The challenge is: what you are doing is great; you are creating new content and you are going to put this thing over the Internet and have an open content licensing scheme, but it is about the legacy. What do we do with all these books, which are still in copyright? The author has died, and the relatives own the copyright but no one cares. This team is working on ways where people can surrender their copyrights, or if you cannot find the author or the owner of the copyright, you can at least place the book on the web with the caveat that if the owner of the copyright comes in, you will take it off. Whether that is legally kosher or not is a different question and the lawyers are working on these ideas. And that will provide a very interesting perspective on how these ideas will develop. At the end of the day it will be a combination of open content licensing and also the commercial solution. These are some of the influences that I have had in dealing with these issues.
Computer scientists tend to build systems that are very generic. We say we will build a machine learning system that will learn anything. We will design a software development tool that will design any kind of software tool. Very soon we find out that it does not work. What we then do is find two ways to constrain our problem. One is we look at a specific domain;
we say I am only going to develop software in the area of business or I am going develop software in the area of mining or in the area of educational software, and then the problem becomes manageable. The alternative approach is the very large project, and I am doing it in a very informal way.
Can I do it in a more formal way? We start resorting to the language of mathematical logic to specify the problem, to find the proof checking mechanisms so that the semantics of our intentions can be verified. And that leads to things like Digital Rights Management.
This session is representing both these constraining mechanisms. The first topic about AEShareNet is taking the ideas of open content licensing into the educational content software, in the educational content areas. The second topic is about Open Visual Rights language and applying it to the subject of Creative Commons.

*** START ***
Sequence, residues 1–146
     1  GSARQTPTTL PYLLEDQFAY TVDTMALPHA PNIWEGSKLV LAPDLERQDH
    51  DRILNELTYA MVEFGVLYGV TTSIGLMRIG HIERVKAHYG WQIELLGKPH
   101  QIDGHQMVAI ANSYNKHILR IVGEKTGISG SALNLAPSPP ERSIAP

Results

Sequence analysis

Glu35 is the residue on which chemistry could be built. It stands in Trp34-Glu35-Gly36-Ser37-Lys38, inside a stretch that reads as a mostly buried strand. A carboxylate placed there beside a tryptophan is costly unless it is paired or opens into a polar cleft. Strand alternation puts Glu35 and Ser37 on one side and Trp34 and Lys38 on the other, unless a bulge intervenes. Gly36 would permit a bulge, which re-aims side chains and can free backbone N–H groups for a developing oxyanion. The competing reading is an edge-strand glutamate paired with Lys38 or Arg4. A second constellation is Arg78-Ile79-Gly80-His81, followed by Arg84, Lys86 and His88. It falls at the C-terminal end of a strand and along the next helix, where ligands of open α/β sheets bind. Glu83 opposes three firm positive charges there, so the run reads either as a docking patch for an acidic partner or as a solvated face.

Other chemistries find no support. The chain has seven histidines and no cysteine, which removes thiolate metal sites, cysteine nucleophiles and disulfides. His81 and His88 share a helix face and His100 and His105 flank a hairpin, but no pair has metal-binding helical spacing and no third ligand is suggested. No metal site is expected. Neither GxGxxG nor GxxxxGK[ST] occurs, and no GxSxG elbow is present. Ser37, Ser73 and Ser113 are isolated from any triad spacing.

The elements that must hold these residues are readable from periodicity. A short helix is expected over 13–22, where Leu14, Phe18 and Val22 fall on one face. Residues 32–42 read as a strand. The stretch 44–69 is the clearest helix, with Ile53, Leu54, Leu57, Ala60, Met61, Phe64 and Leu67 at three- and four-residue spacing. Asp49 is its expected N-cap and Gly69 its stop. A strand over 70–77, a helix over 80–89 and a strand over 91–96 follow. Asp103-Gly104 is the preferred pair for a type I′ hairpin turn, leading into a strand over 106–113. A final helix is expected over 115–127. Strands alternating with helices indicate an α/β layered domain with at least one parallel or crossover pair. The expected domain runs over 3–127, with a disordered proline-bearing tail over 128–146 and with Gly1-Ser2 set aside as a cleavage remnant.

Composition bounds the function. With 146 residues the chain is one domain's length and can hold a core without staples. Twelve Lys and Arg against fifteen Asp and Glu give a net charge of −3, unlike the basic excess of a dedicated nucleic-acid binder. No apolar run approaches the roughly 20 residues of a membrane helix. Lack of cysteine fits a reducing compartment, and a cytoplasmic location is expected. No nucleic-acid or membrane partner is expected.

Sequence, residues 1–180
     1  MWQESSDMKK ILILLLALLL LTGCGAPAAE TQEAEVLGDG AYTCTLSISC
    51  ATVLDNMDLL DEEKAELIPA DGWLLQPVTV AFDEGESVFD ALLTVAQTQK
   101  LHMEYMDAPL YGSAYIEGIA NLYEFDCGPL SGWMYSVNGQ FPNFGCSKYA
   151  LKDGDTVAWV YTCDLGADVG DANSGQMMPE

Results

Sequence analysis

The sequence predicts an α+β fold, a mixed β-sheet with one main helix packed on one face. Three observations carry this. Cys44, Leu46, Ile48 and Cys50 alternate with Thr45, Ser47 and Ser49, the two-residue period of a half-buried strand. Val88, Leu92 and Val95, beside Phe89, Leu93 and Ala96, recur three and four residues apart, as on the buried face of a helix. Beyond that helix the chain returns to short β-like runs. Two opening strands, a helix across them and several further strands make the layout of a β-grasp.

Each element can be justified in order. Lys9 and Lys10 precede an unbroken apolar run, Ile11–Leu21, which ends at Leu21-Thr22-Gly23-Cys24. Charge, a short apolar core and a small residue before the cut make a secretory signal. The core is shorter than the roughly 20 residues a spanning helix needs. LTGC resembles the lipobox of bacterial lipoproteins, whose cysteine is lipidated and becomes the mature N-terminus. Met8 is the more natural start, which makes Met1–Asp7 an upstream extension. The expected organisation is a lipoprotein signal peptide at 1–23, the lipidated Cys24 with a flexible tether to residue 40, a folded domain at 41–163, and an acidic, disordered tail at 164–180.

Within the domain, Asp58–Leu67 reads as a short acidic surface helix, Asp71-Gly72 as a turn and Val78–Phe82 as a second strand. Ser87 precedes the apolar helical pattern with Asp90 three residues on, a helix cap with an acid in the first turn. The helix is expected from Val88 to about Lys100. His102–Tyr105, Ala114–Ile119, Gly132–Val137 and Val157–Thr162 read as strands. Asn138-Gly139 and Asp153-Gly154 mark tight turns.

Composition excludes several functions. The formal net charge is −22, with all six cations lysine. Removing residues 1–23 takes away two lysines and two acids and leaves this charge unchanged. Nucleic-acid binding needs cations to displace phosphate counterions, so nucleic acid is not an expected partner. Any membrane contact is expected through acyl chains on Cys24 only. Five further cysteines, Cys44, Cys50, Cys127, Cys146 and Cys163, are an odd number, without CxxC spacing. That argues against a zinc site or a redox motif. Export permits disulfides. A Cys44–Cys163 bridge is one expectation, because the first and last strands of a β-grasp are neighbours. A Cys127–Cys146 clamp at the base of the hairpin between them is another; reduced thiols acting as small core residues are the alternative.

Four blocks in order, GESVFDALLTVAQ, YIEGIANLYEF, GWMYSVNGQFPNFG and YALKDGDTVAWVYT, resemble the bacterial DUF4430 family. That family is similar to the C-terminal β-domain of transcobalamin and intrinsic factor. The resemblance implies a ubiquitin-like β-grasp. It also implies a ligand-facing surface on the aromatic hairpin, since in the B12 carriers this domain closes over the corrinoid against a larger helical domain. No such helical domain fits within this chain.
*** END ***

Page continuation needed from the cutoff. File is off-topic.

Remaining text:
CAROL FRIPP I could not agree more with Tom Cochrane. I never thought I would be ‘Copyright Carol’ in the last vocational aspiration that I have ended up in.
If I look at my own children, who probably reflect society, two of them have absolutely no understanding of what I do, and do not want to. The other two are mortified that I would be involved in copyright control because they download everything. I live in the world that represents society.
The session we are talking about this morning is in summary. We do want to talk about open content and you have already heard that Roger Clarke as Chair of our Board has been writing articles since being involved with this company on open content, and they are worth reading. They are on his website and if anyone wants to follow up some of the research in that, I am sure you would find that debate. There are quite a large number of articles emerging as we go through the journey.
We want to talk about the licence templates and for those who think they know something about us we hope to add some new things to our presentation this morning, because we are changing. We are really about finding other peoples’ resources. That is one of the primary purposes that we exist. We are set up for education. We started in vocational education but we do go across all the areas where there is any form of vocational education occurring. It takes us across the secondary and right through to higher education and into the enterprise and corporation area and we are finding those are expanding as we go on the journey.
The challenge is quick access and even though the technologies are advancing, it is very difficult to get some of these accesses working. This audience is probably familiar with Google, currently working on a new project to catalogue large numbers of university resources which will change the way people start looking at how they want to find material, because we are finding people do like the Google approach. I do not know if it happens in the libraries in your organisation, but are you happy with the control vocabularies and specialist search engines any more? Or do you want to type in one or two words and hey presto it is up in front of you?
Most of our search capacities are really not set up like Google and I am wondering how long before we will be challenged. Users want easy assurance of the copyright clearances. That is still a very difficult one when a lot of educators work the night before they start delivery the next day (or in the world that I work in, that is certainly the case) and sometimes getting clearances the night before is challenging if you have not done your homework. And they are always mortified you cannot download it and use it without going through some long and protracted process that some bureaucrat in their organisation put in there for them.